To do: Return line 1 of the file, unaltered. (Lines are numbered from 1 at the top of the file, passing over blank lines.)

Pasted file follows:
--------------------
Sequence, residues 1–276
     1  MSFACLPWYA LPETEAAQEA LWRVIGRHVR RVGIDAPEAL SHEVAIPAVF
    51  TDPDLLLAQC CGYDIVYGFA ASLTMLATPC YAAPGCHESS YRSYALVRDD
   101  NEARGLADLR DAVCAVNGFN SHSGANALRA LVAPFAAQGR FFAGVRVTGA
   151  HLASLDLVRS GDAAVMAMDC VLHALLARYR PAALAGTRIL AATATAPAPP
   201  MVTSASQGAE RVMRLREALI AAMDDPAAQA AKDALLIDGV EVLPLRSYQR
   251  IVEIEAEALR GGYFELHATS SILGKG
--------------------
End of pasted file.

Sequence, residues 1–276